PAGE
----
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Recently, cryptocurrency has graced the limelight with massive news across various blockchains. Every day, there’s a new Bitcoin price prediction motivated by the coin’s bullish run. And whenever the Bitcoin evolution takes centre stage, other coins are sure to follow. But Ethereum’s latest announcement is more than just the tip of the iceberg. The blockchain recently dropped news about Ethereum 2.0––the biggest news to rightfully close the eventful 2020.
Usually, when cryptocurrencies decide to make major changes to their systems, they fork into an altcoin to target completely different investors. But Ethereum has taken things to a whole new level by deciding to preserve the original blockchain while implementing a major upgrade that will change many of its fundamentals.
Welcome, Etherium 2.0.
What is Ethereum?
Ethereum (ETH) is one of the most successful altcoins on the market––consistently retaining the #2 spot by market cap. It was founded by various people but is largely credited to a researcher and programmer named Vitalik Buterin. The blockchain was released to the public in 2015. Many things that made Ethereum unique from the get-go. For instance, unlike Bitcoin and Litecoin, there is no maximum number of ETH that can exist.
All blockchains serve a purpose apart from supporting a cryptocurrency. Bitcoin is relatively straightforward: it’s a network that can process transactions without relying on third-party intermediaries. Ethereum can do the same, plus more.
Ethereum is a robust multiuse network that allows developers to develop decentralised applications. Companies like Microsoft utilise this blockchain to create apps and programs. It’s a critical feature that contributes to the new age of technology––one that isn’t controlled by a central authority, much like cryptocurrency.
The blockchain Ethereum also allows anyone to create altcoins on its network through smart contracts. These are underwritten contracts that automate responses to certain actions, allowing any decentralised program to run without an operator.
While there are plenty of upsides to the Ethereum network, it hasn’t been without its share of criticisms, mostly directed to its scalability issue. Like Bitcoin, Ethereum suffers from slow transaction speeds that can’t keep up with consumer demand. This issue has bared its fangs multiple times, with the worst instances causing the network to crash or bug out. These are detrimental to a network that deals with cryptocurrency, so Buterin’s decision to roll out an Ethereum update has generally been well-received.
What is Ethereum 2.0?
The biggest Ethereum news in recent years highlights Ethereum 2.0. It’s an overhaul of the original network, aiming to solve the transaction speed issue and make the platform easier to use for both developers and miners. These changes will affect the entire Ethereum community, especially miners.
First, the network is expected to fully transition from the Proof-of-Work to the Proof-of-Stake mining algorithm. It will completely change the mining requirements by nullifying the current GPU-hungry process. While many are open to this change, miners who have invested thousands of dollars in powerful mining rigs are on edge. Some are still in the process of earning back their investment, which may no longer be possible with the new Ethereum roadmap.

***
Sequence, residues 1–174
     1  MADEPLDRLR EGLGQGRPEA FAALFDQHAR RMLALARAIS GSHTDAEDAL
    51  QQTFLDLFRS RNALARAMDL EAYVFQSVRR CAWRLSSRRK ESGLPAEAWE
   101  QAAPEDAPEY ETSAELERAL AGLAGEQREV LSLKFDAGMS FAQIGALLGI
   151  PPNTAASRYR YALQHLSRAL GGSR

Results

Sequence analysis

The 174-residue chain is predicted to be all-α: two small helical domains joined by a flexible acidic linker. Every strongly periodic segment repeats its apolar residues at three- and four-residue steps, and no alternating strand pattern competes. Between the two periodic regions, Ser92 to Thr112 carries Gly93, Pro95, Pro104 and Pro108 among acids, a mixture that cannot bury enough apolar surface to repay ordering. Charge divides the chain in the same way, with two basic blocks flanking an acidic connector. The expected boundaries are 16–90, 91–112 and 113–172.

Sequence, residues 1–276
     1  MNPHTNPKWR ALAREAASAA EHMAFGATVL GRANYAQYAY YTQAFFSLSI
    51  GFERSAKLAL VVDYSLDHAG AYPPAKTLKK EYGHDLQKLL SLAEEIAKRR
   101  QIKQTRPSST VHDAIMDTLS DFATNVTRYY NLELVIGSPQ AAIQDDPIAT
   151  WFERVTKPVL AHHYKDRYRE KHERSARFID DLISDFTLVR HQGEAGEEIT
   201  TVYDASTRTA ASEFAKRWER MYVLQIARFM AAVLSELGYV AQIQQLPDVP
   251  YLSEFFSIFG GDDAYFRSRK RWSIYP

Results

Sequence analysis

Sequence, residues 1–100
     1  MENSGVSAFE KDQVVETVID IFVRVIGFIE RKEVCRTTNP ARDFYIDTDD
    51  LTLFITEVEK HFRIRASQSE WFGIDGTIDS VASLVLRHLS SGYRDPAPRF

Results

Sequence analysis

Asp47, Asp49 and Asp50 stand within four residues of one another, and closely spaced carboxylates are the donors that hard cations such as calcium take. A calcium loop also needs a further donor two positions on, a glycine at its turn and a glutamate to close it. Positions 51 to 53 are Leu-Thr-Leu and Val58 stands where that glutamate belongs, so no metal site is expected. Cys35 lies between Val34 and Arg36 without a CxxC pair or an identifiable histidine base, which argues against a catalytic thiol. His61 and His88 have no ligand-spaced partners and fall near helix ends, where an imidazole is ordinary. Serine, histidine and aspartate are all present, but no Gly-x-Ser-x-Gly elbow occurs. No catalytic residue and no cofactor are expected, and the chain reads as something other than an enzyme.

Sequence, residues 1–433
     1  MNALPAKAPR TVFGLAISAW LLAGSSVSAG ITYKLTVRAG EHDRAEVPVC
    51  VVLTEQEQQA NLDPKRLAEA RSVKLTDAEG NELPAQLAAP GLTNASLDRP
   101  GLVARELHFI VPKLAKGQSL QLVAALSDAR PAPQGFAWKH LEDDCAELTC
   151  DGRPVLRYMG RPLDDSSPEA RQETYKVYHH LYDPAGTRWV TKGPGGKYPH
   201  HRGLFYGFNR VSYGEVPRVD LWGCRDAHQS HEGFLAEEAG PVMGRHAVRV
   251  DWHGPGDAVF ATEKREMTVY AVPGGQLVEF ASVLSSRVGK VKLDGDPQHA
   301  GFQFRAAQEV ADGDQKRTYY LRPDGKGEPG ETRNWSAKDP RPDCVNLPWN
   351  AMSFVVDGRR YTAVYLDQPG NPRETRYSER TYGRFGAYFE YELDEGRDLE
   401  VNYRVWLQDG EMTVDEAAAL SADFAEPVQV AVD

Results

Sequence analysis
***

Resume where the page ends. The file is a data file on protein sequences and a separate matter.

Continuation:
On the bright side, the network also promises to eliminate its biggest bottleneck: the speed and scalability issue. It will do so by implementing a sharding system, effectively splitting up the work required to process each transaction into shards. This process, coupled with the Proof-of-Stake model, will allow the network to better manage its transactions and, in turn, speed up transaction verification.
What is Proof-of-Stake?
What you need to know about Ethereum mining is that it uses the Proof-of-Work model, just like Bitcoin. This algorithm supports a power-hungry mining process wherein everyone’s GPUs will have to race to complete a complex mathematical equation. The ETH reward is given to the first miner to solve the puzzle.
The new Ethereum update will change the mining algorithm to the Proof-of-Stake model. It’s an Ethereum staking process wherein the system will automatically favour pools with a larger number of coins put on stake. Miners will only qualify by staking more tokens.
This new model works by utilising a robot miner powered by the Ethereum that you stake. To put it simply, to mine on Ethereum 2.0, you have to deposit at least 32 ETH to prove that you’re a stakeholder. These coins won’t disappear––they are used only for the staking process and to power the system.
What does the new mining process mean for the future of Ethereum?
The new mining process could prove beneficial for the network, as miners are now forced to purchase ETH to mine it. It’s a smart move that will most likely drive the Ethereum prices up. If you already own ETH, this is great news! Its price is currently $568 (AUD), but the Ethereum price prediction from optimistic economists believes it can reach almost $4,000 (USD) within the next 5-10 years.
The Proof-of-Stake transition is largely considered risky as the network may lose a massive portion of the original mining community. But it opens doors of opportunity to new entrants who never desired to build a dedicated rig but are eager to join the minefield.
The roadmap is separated into three phases, but there is no clear Ethereum 2.0 launch date. We could see the first phase as soon as December 2020, but the changeover will most likely take a few more years to complete. So hang tight! Now’s not yet the time to get rid of your powerful mining rig or lose faith in the network.
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